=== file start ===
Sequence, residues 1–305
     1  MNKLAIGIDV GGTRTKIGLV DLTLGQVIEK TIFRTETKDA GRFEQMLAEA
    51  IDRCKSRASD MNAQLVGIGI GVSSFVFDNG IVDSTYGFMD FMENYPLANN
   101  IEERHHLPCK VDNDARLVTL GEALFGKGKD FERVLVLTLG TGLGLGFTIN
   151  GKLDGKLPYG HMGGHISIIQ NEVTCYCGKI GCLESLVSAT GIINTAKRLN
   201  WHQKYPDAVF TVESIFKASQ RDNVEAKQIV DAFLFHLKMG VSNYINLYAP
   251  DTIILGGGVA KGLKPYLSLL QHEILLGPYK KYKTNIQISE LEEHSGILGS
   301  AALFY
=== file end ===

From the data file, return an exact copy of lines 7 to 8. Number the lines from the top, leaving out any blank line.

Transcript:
   251  DTIILGGGVA KGLKPYLSLL QHEILLGPYK KYKTNIQISE LEEHSGILGS
   301  AALFY